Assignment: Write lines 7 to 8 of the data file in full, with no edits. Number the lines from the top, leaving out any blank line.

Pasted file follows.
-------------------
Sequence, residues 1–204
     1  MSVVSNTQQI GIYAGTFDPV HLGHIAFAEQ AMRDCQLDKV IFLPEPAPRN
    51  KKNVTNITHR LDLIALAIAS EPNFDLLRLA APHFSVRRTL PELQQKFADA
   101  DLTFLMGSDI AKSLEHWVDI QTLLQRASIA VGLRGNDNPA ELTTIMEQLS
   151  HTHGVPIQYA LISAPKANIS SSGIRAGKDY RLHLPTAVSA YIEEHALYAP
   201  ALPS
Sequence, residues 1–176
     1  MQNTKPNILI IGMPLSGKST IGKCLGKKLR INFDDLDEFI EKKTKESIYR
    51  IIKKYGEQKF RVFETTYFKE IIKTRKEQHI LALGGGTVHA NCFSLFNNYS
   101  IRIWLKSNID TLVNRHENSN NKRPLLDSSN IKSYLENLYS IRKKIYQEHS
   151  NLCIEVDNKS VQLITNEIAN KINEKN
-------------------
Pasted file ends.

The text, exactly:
Sequence, residues 1–176
     1  MQNTKPNILI IGMPLSGKST IGKCLGKKLR INFDDLDEFI EKKTKESIYR